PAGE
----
When the publisher sent me 2008 Libertarian Party Vice Presidential nominee Wayne Allyn Root’s new book, “The Conscience of a Libertarian: Empowering the Citizen Revolution with God, Guns, Gambling & Tax Cuts” to review, I was naturally excited.
This book is a fast paced and energetic and offers many solutions, rather than just offering complaints about the current system. Root’s book hits the ground running, hitting high taxes, corporate welfare, bailouts, and the IRS on the opining pages of the introduction. This early parts of this book are refreshing made me very excited about Mr. Root’s future prospects.
In my opinion, 2009 is quite early to be publishing a 2012 campaign book. However, it is more understandable for a “3rd party” candidate to publish a campaign book this early than it would be for a Democrat or a Republican to do so. Wayne Allyn Root offers a [somewhat] realistic plan for his political future. He plans on winning around 2-5 million votes in 2012, getting “Ross Perot numbers” in 2016, and being elected in 2020. While the odds of a Libertarian Party candidate winning the Presidency any time soon are slim, Mr. Root’s plan is at least somewhat realistic.
Conscience of a Libertarian offers numerous examples to show how broken the system really is and how inefficient the government can be. Here is my favorite example:
“The most famous brothel ever was the Mustang Ranch run by Joe Conforte. Mr. Conforte made more than $100 million, and paid taxes on very little of his fortune. He was indicted for income tax evasion and escaped to Brazil as a fugitive from the U.S. Government. The IRS seized the Mustang Ranch and rather than selling it, decided to keep running it. In less than a year, under government management, the same brothel that produced profits of more than $100 million went broke! Bankrupt. Out of business. Can you imagine? The federal government can’t even run a brothel!!! Yet we allow the same corrupt, incompetent government to run our economy and schools.”
The book contains many similar examples of the government bungling things while the private sector is able to succeed doing similar tasks at a lower cost.
Wayne Allyn Root is angry and it shows in this book. While this is refreshing and pumps the reader up early on, by the end of the book it seems more like angry ranting than energetic ideas.
I have major problems with quite a few of the proposals Mr. Root makes in this book. One such proposal is to increase the number of Congressmen so that no member of the House of Representatives represents more than 100,000 Americans (down from an average of around 700,000 today). This proposal sounds good—until you realize that doing so would increase the size of the House to over 3,000 members! This would turn our National legislature into nothing more than a circus.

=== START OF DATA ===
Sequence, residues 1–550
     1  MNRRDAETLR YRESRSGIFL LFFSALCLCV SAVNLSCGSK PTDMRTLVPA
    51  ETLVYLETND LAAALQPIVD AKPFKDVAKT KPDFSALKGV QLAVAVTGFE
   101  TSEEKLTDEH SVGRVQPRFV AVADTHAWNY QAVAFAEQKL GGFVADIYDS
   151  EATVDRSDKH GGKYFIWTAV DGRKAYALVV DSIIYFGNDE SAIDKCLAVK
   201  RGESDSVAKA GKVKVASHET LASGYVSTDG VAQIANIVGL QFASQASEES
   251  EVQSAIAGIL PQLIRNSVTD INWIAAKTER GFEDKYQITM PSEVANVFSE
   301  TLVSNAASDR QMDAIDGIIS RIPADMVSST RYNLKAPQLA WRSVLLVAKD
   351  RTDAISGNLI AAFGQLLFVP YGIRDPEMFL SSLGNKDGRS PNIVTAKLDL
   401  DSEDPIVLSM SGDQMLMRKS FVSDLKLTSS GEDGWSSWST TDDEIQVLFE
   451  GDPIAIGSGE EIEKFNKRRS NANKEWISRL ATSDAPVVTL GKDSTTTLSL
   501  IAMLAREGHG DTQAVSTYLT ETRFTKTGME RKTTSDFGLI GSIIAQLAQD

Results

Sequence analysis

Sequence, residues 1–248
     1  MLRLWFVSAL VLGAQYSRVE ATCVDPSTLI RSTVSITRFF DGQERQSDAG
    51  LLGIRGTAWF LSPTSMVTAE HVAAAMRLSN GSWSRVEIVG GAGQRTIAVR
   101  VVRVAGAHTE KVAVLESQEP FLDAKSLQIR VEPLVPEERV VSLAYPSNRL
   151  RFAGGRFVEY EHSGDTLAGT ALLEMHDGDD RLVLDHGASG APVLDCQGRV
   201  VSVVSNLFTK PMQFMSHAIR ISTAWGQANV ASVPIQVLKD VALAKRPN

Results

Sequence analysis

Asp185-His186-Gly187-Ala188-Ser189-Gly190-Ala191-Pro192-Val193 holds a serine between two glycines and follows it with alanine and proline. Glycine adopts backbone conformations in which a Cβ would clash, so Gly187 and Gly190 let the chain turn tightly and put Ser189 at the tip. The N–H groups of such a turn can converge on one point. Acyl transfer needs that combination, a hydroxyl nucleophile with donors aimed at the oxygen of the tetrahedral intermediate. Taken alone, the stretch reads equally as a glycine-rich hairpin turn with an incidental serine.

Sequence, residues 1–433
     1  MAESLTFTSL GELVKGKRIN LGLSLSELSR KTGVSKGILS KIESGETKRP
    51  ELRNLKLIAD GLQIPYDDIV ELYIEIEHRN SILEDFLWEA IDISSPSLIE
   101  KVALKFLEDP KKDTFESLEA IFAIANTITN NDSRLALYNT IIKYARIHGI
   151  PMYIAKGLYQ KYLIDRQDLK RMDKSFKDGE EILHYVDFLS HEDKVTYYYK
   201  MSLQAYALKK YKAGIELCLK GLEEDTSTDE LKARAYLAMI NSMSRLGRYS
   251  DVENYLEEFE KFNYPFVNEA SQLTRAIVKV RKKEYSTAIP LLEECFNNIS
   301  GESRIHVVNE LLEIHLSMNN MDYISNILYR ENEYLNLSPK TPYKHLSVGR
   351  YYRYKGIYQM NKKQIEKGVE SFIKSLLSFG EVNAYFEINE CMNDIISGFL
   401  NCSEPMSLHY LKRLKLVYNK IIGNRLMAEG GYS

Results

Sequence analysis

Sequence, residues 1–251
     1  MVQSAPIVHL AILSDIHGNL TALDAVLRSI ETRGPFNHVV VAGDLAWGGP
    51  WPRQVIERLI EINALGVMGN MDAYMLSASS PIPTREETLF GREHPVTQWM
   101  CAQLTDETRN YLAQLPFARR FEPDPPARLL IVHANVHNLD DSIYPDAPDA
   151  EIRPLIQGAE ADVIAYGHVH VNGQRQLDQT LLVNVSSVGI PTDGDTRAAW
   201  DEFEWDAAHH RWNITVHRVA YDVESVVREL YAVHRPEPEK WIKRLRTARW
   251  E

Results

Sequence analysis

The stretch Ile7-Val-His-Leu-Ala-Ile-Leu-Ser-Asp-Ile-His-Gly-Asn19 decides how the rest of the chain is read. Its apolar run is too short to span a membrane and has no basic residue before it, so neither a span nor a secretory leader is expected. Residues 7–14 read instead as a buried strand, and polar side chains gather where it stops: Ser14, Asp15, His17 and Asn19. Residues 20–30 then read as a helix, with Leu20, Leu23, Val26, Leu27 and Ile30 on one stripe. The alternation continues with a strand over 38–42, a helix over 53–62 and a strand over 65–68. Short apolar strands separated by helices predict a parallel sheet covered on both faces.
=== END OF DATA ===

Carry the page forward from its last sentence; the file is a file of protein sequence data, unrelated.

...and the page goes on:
Another of Root’s proposals is a [so-called] two tiered flat income tax. An income tax with two different rates based on income levels is by definition a graduated tax, not a flat tax. But it gets worse: Mr. Root “propose[s] a flat tax rate of 15 percent on any and all income up to $500,000 per year; then a 10 percent flat tax on any and all income above $500,000.” I am philosophically and morally opposed to all income taxes, yet this income tax is regressive—it will tax a McDonald’s worker at a higher rate than it would tax Bill Gates. Regardless of whether or not this plan is even a good idea, I would argue that there is a zero percent chance of the public supporting it.
A third such plan is for the government to collect no taxes for an entire year—and still continue to function. This would cost trillions of dollars, even if Root was able to drastically cut spending. In his own words regarding the three plans above: “Does it cost trillions of dollars? Sure it does.”
This leads me to my next point: while I thoroughly enjoyed reading this book, I was left with one very important question: is Wayne Allyn Root a libertarian? My personal opinion is that he is not a libertarian, but rather a very conservative, limited-government Republican who feels betrayed by his party.
Rather than pushing for the elimination of all corporate income taxes, Mr. Root advocates cutting these taxes to “20 percent (or lower),” yet at the same time he advocates cutting corporate income taxes for small businesses to 10%. This would create a nightmare situation where mid-sized corporations would attempt to do things like move money overseas, lobby for changes in the definition of small business, or could even create disincentives for small businesses to grow into larger ones.
At times, Mr. Root even openly advocates corporate welfare. He pushes for a plan that would create “a $7,500 tax credit that goes directly to any employer who hires a new fulltime employee during the next three years, increasing to $10,000 if the person they hire was out of work at the time.”
Plans like these are typical conservative Republican plans, not libertarian ones. Libertarians are naturally very principles and are very unwilling to compromise on major issues. If Mr. Root has already strayed so far from orthodox libertarian ideas, how much more will his views be compromised when he has to deal with a Congress that is highly unlikely to support libertarian ideas.
I guess I do recommend reading this book, however, I would recommend it more to my conservative friends than I would to my libertarian ones. It does have a lot of great ideas in it and is a quick, energetic read. Additionally, the first half truly was excellent. However, as you read it, ask yourself if Wayne Allyn Root is a libertarian, or just another Conservative Republican.
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